When you hear the word anxiety, what thoughts often come to your mind? For most within our “fast-paced” culture, anxiety is thought of as a sign or symptom that we are “functional” members of society.
When it comes to our relationship with anxiety, it is most likely something that we believe must be:
But what if there was another option? What if anxiety could be viewed as a gift, something that is here to teach us something? Now if you have intense social anxiety, or are unable to leave your house due to a deep sense of fear, hearing that sounds insulting most likely.
Anxiety is most often viewed as something that limits our experience, that stops us from being able to express the fullness of who and what we are:
- We want to get up on stage and talk to others, but start shaking when we do.
- We want to go after our “dream job” but walk into the interview and our mind goes blank.
- We want to go on a trip somewhere, or see a friend, or have a connection and we find ourselves unable to even attempt these things.
So we meditate, we obtain therapy, we do everything in our power to “deal with” this aspect of our experience.
And yet, even those who don’t “struggle” with anxiety disclose that they get anxious. It’s because fear and anxiety are often two words that we put together, due to viewing them as part of a single experience. But, unlike fear, what if we viewed anxiety as our teacher rather than something to resist, cope with, or manage?
I often see anxious clients in my private practice, and when I met Darcy she already had a host of doctors and other professionals giving her options. From intense medication to behavioral therapy, she had gone through it all. I remember sitting in a session, designing with her, a plan to allow her to have decreased anxiety. I felt we had covered all the variables, and Darcy also agreed with this. Yet the next week Darcy reported not only that the plan did not work, but that her anxiety was worse than ever.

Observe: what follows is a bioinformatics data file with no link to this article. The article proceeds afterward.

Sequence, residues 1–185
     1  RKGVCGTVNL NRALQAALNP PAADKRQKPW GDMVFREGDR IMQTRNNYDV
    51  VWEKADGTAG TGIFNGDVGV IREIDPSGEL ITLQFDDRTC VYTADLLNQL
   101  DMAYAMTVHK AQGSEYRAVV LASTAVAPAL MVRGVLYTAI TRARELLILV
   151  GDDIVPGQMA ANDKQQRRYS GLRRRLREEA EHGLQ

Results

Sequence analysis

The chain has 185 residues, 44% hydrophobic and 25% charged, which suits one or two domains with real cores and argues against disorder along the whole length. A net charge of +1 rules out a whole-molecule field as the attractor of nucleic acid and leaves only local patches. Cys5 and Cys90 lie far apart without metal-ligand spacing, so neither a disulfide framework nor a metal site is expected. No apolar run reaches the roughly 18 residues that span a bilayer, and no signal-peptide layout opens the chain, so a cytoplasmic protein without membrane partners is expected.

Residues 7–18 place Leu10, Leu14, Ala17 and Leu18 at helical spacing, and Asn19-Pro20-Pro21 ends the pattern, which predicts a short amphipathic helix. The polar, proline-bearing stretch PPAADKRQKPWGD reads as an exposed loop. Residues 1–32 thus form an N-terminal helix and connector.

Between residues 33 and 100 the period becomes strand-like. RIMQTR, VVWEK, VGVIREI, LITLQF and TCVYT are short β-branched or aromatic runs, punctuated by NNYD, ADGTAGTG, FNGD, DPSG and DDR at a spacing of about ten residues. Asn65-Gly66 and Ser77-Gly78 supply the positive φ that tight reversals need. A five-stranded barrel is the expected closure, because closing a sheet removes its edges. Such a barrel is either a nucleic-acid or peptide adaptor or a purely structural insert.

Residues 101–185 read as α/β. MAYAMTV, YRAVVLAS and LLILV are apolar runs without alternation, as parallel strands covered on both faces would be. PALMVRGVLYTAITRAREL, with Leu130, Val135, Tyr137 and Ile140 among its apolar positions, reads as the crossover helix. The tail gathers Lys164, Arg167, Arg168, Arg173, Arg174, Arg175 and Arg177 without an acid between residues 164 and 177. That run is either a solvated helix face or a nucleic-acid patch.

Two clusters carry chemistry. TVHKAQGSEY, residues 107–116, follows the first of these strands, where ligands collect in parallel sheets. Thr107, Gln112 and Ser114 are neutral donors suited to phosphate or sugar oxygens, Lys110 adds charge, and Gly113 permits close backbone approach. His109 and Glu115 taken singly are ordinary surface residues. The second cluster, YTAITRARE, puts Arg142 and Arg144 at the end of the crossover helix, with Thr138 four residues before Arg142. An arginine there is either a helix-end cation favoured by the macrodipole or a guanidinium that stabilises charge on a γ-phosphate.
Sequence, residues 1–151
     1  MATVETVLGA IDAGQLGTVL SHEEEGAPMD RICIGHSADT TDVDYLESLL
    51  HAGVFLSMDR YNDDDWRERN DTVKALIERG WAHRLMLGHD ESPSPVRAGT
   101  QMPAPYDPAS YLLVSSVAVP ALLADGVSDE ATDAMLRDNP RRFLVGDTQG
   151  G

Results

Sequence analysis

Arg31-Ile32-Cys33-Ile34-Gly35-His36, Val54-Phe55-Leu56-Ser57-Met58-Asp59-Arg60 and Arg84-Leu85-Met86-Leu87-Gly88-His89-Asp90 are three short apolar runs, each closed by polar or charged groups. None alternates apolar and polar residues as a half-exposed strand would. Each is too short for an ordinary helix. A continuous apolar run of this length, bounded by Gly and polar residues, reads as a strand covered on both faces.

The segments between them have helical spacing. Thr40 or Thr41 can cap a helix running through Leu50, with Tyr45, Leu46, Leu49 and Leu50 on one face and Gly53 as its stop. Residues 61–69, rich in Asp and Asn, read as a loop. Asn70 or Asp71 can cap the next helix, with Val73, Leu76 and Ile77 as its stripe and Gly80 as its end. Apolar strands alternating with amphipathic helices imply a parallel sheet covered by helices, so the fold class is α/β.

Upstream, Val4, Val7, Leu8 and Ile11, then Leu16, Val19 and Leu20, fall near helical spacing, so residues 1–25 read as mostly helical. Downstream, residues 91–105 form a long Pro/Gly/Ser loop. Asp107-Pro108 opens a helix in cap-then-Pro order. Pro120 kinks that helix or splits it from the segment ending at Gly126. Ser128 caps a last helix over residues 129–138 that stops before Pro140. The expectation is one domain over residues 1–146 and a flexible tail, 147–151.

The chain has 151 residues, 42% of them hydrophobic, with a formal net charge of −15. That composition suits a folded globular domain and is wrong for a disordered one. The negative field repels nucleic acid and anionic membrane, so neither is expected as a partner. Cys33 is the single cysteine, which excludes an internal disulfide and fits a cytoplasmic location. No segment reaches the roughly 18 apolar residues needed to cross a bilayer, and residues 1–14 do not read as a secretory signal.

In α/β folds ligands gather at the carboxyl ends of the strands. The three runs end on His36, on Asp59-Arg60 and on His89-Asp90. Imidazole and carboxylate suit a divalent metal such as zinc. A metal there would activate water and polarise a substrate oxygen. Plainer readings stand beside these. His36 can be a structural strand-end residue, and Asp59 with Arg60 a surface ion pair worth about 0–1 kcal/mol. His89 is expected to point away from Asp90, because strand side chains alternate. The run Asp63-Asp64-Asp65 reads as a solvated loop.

I left my session with Darcy very puzzled, unsure of what I did. How was I supposed to help Darcy, when all the treatment planning, amazing therapeutic interventions, and other ideas had been tried? Often when I get stuck with a case I tend to drop my planning and return to the following session intent to listen even deeper to the client’s experience.
As Darcy talked about the nature of her anxiety I began to feel in my body that rather than fight or block her anxiety, what if we welcomed it? What if, rather than resisting it, Darcy allowed anxiety to bring awareness to her that nothing was off with reality but instead with her experience of reality?
Or to quote Alan Watts: “When the wrong man uses the right means, the right means work in the wrong way.”As research is starting to show, anxiety is linked to our ability to process information quickly, not correctly. What if anxiety is a call from ourselves to take a step back? “In other words, there’s something wrong with the way that we think, and while that is there, everything we do will be a mess.”
Darcy returned to the following session in tears because she had begun to experience a reality with reduced anxiety. This was not, from my understanding, a sense of “self-love” as so many self-help books suggest. As she told me, “it’s who I am here, right now in this session that matters”. Darcy’s anxiety had become her friend, had become a reminder to return to herself, to the present moment, to the now.
Anxiety is something that we know rests in the body and forms in the amygdala and hippocampus parts of the brain. The amygdala is tied to our fear response, while the hippocampus is tied to our long-term memory and emotional responses.
Therefore, anxiety is a teacher that shows us we are responding not just emotionally, but from a place of fear and memory. It’s almost like we are using this aspect of pure “logic and planning” that anxiety seems to arise within us stronger and stronger. Yet human beings are a balance, between the planned and the unplanned, between the order and the spontaneity of life. It’s not running from our emotional reactions, or medicating them, that provides answers. It’s the awareness of obstacles that allows us to be present.
So what if anxiety, rather than being something we run from, manage or embrace, is a sign, a signifier, a teacher? Is it simply a signal from within? It seems to me that anxiety is a reminder to return to the present moment. Each year, each week, each day unfolds in a way that is at least a little different than how we planned it. What if this teacher, and how we view it, could change everything about our lives?